Only a year after its predecessor comes the sequel to one of the hottest (and for good reason) Xbox 360 launch titles: Call of Duty 3. This time around, though, Treyarch, developer of the Big Red One takes the developer’s seat, pushing out Infinity Ward. There are several changes to the way the game is played but Treyarch manages to keep it a Call of Duty at its core. Call of Duty 3 depicts the acts of “Normandy Breakout,” the operation planned after the beach landings (Utah Beach, Omaha Beach, etc.) to scramble out of the Normandy area.
Treyarch successfully preserves the basics of the Call of Duty formula: Find an enemy, aim down your weapon’s sight, and shoot them wherever you can. It’s extremely simple, but somehow, you won’t get tired of it. You also have smoke grenades and frag grenades to throw at annoyances, and you’re able to throw grenades back at enemies if you’re quick enough. The ability to cook grenades, missing from Call of Duty 2, is now available. Cooking a grenade gives you limited control of the time a grenade will explode, which can be very handy.
The damage system from Call of Duty 2 is brought back into use, where the amount of damage you’ve taken makes the screen tint red, and suffering too much damage kills you. If you’re quick about it, though, and manage to keep from any damage for a period of time, you’re healed of all your wounds. It may sound as if it makes the game easy, but it really doesn’t. The single-player mode is challenging and fun. The AI is very smart, and extremely aggressive. You’ll be mowed down quickly if you don’t observe your surroundings closely. Thankfully, melee damage from enemies has been toned down a bit, whereas in Call of Duty 2, if an enemy manages to get within point-blank range, you’re good as dead. The levels themselves are filled with historic details, but it’s hard to enjoy the scenery when you’re constantly under fire with mortar shells and tanks bearing down on you. But on top of this, Call of Duty 3’s multiplayer can be even more enjoyable than the single-player aspect if you really get into it. Your choices range from 4 player split-screen, 24 players on a LAN, or 24 players over Xbox Live. There are even new game types with 6 game-modes, 9 maps, and 7 player classes to choose from.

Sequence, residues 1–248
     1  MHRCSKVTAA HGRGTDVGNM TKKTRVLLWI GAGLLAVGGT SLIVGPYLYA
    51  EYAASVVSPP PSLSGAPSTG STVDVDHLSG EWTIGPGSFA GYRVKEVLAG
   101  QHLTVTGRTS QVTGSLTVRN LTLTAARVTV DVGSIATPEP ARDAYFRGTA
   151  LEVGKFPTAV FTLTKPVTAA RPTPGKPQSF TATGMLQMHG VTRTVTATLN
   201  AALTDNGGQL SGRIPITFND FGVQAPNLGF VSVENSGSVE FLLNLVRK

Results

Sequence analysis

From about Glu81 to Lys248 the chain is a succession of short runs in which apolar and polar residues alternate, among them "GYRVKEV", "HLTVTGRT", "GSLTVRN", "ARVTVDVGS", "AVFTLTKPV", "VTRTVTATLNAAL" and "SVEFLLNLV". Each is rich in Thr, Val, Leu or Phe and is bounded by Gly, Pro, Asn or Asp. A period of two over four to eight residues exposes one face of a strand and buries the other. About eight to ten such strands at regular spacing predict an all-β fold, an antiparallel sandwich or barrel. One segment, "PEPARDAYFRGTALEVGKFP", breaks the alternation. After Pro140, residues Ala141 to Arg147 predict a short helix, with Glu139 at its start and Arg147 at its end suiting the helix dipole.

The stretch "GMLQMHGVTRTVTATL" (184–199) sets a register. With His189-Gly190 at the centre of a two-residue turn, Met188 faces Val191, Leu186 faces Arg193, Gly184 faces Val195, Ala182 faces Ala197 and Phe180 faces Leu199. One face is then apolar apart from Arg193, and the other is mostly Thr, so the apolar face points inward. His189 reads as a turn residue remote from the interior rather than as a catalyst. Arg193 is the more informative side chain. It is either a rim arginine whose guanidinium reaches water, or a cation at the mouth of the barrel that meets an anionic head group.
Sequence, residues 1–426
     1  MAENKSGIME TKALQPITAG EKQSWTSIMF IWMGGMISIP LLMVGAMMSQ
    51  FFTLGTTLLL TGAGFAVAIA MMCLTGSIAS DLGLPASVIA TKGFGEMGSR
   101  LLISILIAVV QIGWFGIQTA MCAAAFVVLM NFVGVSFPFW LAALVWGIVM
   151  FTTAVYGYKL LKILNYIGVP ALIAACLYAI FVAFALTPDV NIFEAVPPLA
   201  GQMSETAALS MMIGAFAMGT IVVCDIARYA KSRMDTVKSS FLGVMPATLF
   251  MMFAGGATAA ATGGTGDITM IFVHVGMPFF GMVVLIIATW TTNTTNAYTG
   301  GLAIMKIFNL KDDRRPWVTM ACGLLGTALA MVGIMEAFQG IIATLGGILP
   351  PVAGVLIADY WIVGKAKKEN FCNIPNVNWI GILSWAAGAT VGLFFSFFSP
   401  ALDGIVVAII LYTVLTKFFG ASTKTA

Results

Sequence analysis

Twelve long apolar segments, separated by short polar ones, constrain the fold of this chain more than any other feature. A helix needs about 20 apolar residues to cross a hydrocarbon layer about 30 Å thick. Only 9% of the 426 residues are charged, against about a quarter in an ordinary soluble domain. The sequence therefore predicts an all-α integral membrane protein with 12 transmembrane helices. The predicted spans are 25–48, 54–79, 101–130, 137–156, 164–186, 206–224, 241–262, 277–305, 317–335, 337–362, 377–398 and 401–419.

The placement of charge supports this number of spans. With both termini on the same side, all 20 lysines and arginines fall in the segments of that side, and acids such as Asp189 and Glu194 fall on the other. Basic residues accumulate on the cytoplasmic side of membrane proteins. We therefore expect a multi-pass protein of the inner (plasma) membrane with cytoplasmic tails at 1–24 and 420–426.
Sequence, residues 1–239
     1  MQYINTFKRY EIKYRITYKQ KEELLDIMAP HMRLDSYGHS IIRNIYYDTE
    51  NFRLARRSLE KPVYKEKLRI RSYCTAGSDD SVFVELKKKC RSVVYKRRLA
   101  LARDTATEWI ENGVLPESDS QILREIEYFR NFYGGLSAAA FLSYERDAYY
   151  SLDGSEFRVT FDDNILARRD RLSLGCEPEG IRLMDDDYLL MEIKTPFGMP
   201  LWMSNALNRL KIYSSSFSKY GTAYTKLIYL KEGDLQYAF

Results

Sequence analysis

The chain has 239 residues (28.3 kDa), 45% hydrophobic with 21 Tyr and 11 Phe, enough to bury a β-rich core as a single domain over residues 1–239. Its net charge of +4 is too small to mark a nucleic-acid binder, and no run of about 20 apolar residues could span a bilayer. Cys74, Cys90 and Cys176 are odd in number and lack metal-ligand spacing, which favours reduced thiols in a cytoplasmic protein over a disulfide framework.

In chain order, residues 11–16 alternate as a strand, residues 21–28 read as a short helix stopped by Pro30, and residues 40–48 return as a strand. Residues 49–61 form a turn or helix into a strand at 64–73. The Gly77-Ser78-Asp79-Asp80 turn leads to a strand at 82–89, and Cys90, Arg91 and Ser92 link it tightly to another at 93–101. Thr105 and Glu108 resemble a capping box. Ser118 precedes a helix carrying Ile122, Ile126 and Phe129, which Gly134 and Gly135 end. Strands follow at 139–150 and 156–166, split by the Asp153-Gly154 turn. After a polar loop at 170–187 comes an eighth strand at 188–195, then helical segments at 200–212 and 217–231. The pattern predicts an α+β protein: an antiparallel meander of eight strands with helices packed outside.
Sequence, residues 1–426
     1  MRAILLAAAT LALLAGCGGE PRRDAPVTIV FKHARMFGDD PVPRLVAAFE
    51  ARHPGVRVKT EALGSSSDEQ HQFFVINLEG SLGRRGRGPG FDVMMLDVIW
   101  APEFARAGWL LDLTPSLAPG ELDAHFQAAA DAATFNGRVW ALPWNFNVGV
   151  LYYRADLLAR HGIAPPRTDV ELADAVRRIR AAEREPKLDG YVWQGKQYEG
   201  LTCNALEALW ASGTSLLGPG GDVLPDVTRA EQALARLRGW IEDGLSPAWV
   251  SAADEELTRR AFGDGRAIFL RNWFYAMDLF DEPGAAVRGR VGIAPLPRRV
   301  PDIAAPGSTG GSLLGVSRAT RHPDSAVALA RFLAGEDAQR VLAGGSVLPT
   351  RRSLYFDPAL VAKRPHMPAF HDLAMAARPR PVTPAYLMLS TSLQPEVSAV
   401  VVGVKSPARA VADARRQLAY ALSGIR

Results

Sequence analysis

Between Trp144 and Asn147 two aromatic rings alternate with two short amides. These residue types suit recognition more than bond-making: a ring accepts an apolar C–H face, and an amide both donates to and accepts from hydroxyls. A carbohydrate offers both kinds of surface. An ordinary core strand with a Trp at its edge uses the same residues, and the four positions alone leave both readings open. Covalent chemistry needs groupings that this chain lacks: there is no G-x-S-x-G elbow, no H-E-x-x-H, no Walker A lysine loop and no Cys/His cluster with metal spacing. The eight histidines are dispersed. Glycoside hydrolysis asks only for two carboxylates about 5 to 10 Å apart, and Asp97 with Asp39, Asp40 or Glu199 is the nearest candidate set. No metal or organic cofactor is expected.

The graphics are amazing. The animations (except for a few) are incredibly smooth and lifelike, especially the reloading and the camera movement during that transition. The environment provides a natural representation of the WWII era that makes you feel you are truly there. The special effects used in this game—such as beams of light scattering through a broken down buildings and ghastly air permeating the distant horizon—are overly generous, delivering a sense of fresh bombings from a recent battle. The rain, the fire, the grass, the water, everything looks amazing and realistic to look at. Trees and shrubs react to wind, dirt kicks up off the ground when explosions make a ruckus, and the remains of wine bottles fly across the room when shot. It screams of realism.
Treyarch has worked their magic with the sound in Call of Duty 3. You’ll feel every rumble from grenades, the shock from surprise melee attacks, and the impact from a bullet to the shoulder. The comrades you fight alongside will still react perfectly to enemy positions and attacks. They’ll call out compass directions hinting at where the threat’s coming from while the epic music immerses you, making you feel like a hero of sorts. The experience is well worth your wallet’s attention this Christmas.